Welcome to Rootstock Radio. Join us as host Anne O’Connor talks to leaders from the Good Food movement about food, farming, and our global future. Rootstock Radio—propagating a healthy planet. Now here’s host Anne O’Connor.

ANNE O’CONNOR: Hello, and welcome to Rootstock Radio. I’m Anne O’Connor, and I’m here today with Jan Rasikas. Jan is the general manager of the Viroqua Food Co-op in Viroqua, Wisconsin. Thanks for joining us today, Jan.

JAN RASIKAS: Thanks for having me. This is going to be great.

AO: Yeah, I’m very excited to have you here. Jan, you’ve been with the Viroqua Food Co-op for fifteen years. And in that time, you’ve worked to empower the community with access to healthy food and by encouraging economic viability. You’re also serving on the National Cooperative Grocers Board of Directors as the secretary treasurer. You’re an advisor for Fifth Season Co-Op, and for Center Point Co-Op. And you’re a founding member of the National Principle Six Co-Op Trade Movement Cooperative. So you’re kind of “all co-ops, all the time.”

JR: Well, one of the things that comes along with my job is to participate in supporting co-ops everywhere. That’s Principle Six: cooperation among co-ops. So I get to spend time serving on other co-ops. It broadens our own spectrum of what we’re doing at our co-op, and it’s really important to participate.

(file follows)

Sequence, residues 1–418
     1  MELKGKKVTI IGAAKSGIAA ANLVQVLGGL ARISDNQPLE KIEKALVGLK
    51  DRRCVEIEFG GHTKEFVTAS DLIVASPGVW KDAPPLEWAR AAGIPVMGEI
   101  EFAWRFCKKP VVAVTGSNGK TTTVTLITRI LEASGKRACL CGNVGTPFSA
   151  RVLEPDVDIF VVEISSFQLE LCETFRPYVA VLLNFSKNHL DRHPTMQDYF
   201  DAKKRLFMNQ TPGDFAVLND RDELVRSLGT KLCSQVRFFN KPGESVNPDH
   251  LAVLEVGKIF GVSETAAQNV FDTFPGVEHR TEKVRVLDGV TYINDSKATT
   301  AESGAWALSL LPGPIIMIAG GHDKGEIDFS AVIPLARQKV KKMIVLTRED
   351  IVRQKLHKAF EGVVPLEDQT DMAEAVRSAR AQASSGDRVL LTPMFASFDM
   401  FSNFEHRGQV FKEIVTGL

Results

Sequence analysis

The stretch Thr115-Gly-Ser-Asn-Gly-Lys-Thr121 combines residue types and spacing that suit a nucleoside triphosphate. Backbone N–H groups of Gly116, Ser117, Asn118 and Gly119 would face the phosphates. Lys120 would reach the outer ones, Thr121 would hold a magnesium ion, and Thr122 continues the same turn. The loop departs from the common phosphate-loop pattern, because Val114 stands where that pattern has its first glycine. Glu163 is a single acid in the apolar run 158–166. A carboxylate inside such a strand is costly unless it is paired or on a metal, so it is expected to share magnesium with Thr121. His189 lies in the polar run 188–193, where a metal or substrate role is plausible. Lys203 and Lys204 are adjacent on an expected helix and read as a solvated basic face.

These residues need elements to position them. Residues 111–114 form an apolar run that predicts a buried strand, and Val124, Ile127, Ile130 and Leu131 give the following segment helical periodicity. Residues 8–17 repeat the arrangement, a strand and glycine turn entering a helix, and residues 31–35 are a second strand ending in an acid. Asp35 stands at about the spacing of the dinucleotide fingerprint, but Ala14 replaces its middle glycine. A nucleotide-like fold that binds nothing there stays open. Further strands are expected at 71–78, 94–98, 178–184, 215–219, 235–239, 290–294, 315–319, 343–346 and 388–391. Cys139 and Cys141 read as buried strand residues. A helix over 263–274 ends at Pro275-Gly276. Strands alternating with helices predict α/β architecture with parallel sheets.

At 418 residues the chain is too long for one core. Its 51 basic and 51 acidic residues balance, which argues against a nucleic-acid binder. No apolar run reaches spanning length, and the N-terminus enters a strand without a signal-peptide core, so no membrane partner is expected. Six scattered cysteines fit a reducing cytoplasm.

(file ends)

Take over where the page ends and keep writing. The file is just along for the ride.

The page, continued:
AO: So the Viroqua Food Co-Op is a co-op.

JR: Yes.

AO: And, tell us about… What’s a co-op?

JR: Well, co-op is a legal structure, if you will, for a business, recognized in every state of our country, although state statutes are a little bit different from one state to the next. But, essentially, all co-ops operate on seven cooperative principles that are international. The International Cooperative Alliance sets seven principles. And, like any other business, we have to follow certain rules and regulations, but co-ops get special treatment: sharing patronage, being a democratic organization, owning something collectively.

AO: So I am a member, for example, of a co-op, and that means that I actually own the cooperative and I get to vote on what happens in the future of that cooperative?

JR: Yup. That’s exactly right. There is another principle about participating equitably in the co-op, so we each put the same amount of money into the co-op in order to get our vote in the co-op to participate on a higher level.

AO: So you get a little skin in the game, and then you get to have a little voice in the game as well.

JR: That’s right. And there’s many different kinds of co-ops. And we’re familiar about so many in this community that we live in. Most people are familiar, in an agricultural community like ours, about the farmer co-ops that are here, producer co-ops. Our co-op is a consumer co-op, so the people who shop in the store and have joined are the owners of the business.